Microsoft Access’s list box control is flexible enough to display multiple fields of data for each list item. Unfortunately, lists sometimes lack the familiar formatting users are used to seeing. For example, “names” generally appears in one of two familiar formats: “firstname, lastname” or “lastname, firstname.” A list box, without help, can’t handle that kind of format.
I’ll show you two easy ways to create more meaningful and familiar-looking list items. Fortunately, neither technique degrades performance, regardless of the environment. (The techniques discussed in this article work with both list box and combo box controls.)
Creating a simple list box control
Figure A shows a typical, and unformatted, list box control with three columns of data: the record’s primary key and two data fields. Let's begin by creating this list box. Later, we’ll apply our techniques to improve the way the list looks.
|A SQL statement populates this control’s list.|
We based the list on a simple table named tblNames comprising four fields: an AutoNumber field named NameID, two text fields named FirstName and LastName, and a Yes/No field named Status. Enter the names shown in Figure A and check Yes in the Status field for Moe Tell and Fran Tick. (We’ll use the Yes/No field later.) This list is adequate, but with a little effort you can improve its appearance—without changing the control’s functionality.
To create the control, open a new blank form, insert a list box control, and name the control lstNames. Then, enter the following SQL statement as the control’s Row Source property:
SELECT NameID, FirstName, LastName FROM tblNames
Enter 3 as the control’s Column Count property. I also set the following form properties, although they’re not critical to the control’s performance:
- Scroll Bars—Neither
- Record Selectors—No
- Navigation Buttons—No
- Dividing Lines—No
Manipulating the list items
Using SQL to populate a list control creates a very flexible control, at least where manipulating the actual list items is concerned. You can combine entries from more than one field into one item. Or, you can return specific labels or values depending on existing data. You can even use the two techniques together.
Let’s begin by using Jet’s concatenation operator, &, to combine the first and last names into one column. (Use the + concatenation operator in an Access project if you use a stored procedure to populate the control.) With the form shown in Figure A in Design view, change the control’s Row Source property to
SELECT NameID, FirstName & " " & LastName AS Name FROM tblNames ORDER BY LastName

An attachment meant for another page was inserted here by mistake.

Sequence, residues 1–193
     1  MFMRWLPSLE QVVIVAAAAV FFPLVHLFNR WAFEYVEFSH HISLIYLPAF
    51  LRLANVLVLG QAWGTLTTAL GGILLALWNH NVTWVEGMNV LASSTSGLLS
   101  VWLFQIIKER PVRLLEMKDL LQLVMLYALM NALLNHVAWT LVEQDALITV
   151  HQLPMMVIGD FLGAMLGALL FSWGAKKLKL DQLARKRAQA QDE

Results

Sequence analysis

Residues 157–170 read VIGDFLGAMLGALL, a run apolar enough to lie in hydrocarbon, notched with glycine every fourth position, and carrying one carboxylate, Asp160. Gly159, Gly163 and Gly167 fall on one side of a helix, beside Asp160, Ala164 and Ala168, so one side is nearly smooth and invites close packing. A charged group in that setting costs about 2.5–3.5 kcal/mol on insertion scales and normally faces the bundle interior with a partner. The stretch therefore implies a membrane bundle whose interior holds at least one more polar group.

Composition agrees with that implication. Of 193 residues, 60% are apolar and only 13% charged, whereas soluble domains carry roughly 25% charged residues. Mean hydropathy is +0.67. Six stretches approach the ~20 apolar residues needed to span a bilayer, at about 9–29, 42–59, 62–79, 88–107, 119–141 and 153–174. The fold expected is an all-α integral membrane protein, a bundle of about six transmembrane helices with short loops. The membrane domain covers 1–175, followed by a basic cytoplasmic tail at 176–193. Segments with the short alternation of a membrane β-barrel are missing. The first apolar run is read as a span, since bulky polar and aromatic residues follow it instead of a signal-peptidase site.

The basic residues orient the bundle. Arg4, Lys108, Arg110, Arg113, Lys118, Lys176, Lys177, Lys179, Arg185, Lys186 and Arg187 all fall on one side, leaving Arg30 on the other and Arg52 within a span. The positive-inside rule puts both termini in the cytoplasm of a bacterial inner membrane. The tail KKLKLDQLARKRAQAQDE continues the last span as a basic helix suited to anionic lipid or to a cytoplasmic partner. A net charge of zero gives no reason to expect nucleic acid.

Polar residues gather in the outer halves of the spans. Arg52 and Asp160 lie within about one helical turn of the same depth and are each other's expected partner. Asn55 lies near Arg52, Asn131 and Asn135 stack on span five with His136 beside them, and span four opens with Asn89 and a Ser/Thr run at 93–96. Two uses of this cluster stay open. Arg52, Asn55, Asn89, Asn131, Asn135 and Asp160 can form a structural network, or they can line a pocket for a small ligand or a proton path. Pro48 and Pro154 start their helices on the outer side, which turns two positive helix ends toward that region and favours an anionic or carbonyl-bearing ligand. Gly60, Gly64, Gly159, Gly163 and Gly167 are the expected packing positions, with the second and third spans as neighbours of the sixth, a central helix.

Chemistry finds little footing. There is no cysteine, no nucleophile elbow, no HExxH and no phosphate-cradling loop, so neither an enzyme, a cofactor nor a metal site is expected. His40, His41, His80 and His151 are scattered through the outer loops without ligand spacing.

Since the statement combines two fields into one, the control accommodates one less field, so change the Column Count property from 3 to 2. Next, hide the primary key values by entering the value 0 as the Column Width property setting.
You might also reduce the width of the control, but doing so isn’t critical to the technique. The ORDER BY clause isn’t required, but it does sort the names by their last name entries. You can sort by any field in the data source. The modified control is shown in Figure B. Instead of returning the first and last names in separate columns, the statement concatenates the two entries into one, positioning the first name before the last name and separating the two with a space character.
|By concatenating the first and last name entries, you can format the names in a familiar manner.|
Some users might prefer to see the names in “lastname, firstname” format. When that’s the case, simply use this statement:
SELECT NameID, LastName & ", " & FirstName AS Name FROM tblNames ORDER BY LastName
Similarly to the previous example, this statement concatenates the first and last names but positions the last name first and separates the two with a comma and a space character.
Our first technique combines items, but sometimes the text or value you want to display isn’t stored as data. For example, tblNames contains a Yes/No field named Status. Let’s suppose that value indicates each person’s employment status. Including the Status field would display only Yes or No and could be meaningless to the user. More descriptive values such as Retired and Active would be more helpful to the user than Yes and No.
You can use an IIf() function to return the appropriate status description for each member. In Design view, enter the following SQL statement as the control’s Row Source property:
SELECT NameID, FirstName & " " & LastName AS Name, IIf([Status]=True,"Retired","Active") AS [Employee Status] FROM tblNames ORDER BY LastName
Change the Column Count property from 2 to 3.
The IIf() function checks each record’s Status entry, which will be Yes or No, or True or False, respectively. When the field equals Yes, the IIf() function returns the string “Retired.” When Status equals No False, the function returns “Active.” The modified control is shown in Figure C. As you can see, each member is identified as either Retired or Active, which is much more meaningful to the user than a simple Yes or No.
|An IIf() function evaluates a Yes/No field and returns Retired or Active, accordingly.|
List controls are a great way to display a number of items, but they’re limited because you can’t format or otherwise control the way those items appear in the list. Using SQL’s concatenation operator to combine entries or a simple IIf() function to evaluate values can offer a bit of nontraditional formatting to make those items appear in a more familiar and meaningful way.
Susan Sales Harkins is an IT consultant, specializing in desktop solutions. Previously, she was editor in chief for The Cobb Group, the world's largest publisher of technical journals.